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Marist College Uses the Cloud to Offer Massive Open Online Courses


William Thirsk, Vice President of Information and CIO, Marist College - Photo by Jordan Hollender




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Customer: Marist College
Headquarters: Poughkeepsie, New York
Business: Higher Education
Challenge: Addressing the lack of enterprise-computing experts in the workforce
Solution: Developing cloud-based massive open online courses
Hardware: Two IBM zEnterprise 114s, a System z10, more than a dozen IBM Power Systems servers running AIX, hundreds of IBM blades, an IBM PureData System and two IBM PureFlex Systems
Software: IBM Linux on System z and IBM z/VM

Remember the days of schlepping 30 pounds of books around campus—and then sitting in a stuffy lecture hall with a hundred other people?

Many educational institutions turned that notion on its head by making classes available online. Often, however, these are one-off courses that also require classroom attendance. This is all fine and well, but to have entire courses and curriculums available remotely—no matter where in the world students are located—elevates this idea to new heights.

That’s where Marist College is heading—to new educational heights—by offering cloud-based massive open online courses (MOOCs). For example, participants in its Institute for Data Center Professionals (IDCP) can enroll in free data center and enterprise-computing training programs over the cloud, no matter how far afield they are.

“We can introduce new ideas at no capital cost, which allows us to experiment for free. ... Others who don’t operate in an enterprise on System z can’t do those things quite so easily, if at all.”
—William Thirsk, vice president of Information and CIO, Marist College

Although students enrolled in this program aren’t necessarily on a degree track, they can get the training they need to help them and their employers improve enterprise data center operations—all by working on a Marist-located IBM mainframe at the pace and time of their choosing. “We see this as part of a social contract, to get as many people educated at the lowest cost available,” says William Thirsk, vice president of Information and CIO, Marist.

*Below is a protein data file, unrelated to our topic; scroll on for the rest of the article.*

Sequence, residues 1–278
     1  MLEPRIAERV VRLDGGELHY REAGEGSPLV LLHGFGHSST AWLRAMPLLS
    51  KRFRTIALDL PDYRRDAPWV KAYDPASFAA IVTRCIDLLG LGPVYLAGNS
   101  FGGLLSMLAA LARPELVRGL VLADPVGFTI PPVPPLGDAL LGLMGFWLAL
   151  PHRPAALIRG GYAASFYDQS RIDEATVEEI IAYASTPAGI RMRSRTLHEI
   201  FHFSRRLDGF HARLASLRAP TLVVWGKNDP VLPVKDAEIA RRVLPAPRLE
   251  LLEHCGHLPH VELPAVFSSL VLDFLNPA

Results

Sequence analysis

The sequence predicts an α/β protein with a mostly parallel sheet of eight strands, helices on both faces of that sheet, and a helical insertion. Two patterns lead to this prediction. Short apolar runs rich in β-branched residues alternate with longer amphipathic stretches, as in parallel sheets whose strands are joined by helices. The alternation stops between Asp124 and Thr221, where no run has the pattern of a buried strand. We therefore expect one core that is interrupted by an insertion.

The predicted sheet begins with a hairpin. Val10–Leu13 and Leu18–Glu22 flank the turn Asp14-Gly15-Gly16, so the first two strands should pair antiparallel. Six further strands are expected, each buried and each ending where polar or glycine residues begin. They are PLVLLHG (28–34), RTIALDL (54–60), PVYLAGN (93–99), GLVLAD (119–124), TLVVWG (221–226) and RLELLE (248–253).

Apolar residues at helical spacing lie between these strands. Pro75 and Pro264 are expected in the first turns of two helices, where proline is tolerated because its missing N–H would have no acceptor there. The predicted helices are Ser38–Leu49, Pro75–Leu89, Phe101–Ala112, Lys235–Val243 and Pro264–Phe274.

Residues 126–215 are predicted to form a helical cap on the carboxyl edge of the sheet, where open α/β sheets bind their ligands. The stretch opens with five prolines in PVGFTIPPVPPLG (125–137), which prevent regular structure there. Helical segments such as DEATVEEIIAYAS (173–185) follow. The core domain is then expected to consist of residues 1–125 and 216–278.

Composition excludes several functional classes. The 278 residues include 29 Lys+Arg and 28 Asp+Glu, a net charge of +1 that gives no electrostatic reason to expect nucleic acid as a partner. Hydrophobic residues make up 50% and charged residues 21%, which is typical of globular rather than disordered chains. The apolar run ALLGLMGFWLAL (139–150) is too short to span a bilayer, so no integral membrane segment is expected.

Comprehensive and Broad Curriculum

With its main campus in Poughkeepsie, New York, and a branch campus in Florence, Italy, Marist has about 4,700 traditional-age undergraduate students and 1,400 adult-age undergraduate and graduate students. Its curriculum, which Thirsk calls “very comprehensive and broad,” includes 44 undergrad majors, 12 graduate programs and 21 certificate programs. Its most notable programs encompass fashion and technology.

Marist has a long history of using technology in education. The National Science Foundation (NSF) has recognized this by supporting the Marist-led Enterprise Computing Community, which aims to increase undergrad interest in enterprise computing, assist in the ongoing development of the school’s computing research lab and provide several full scholarships for underrepresented students majoring in computer science and information technology.

This success in using computing to further educational pursuits came in part thanks to an IBM executive who, for years, drove past the college on his way to work every day.

Jim Utsler, IBM Systems Magazine senior writer, has been covering the technology field for more than a decade. Jim can be reached at jjutsler@provide.net.


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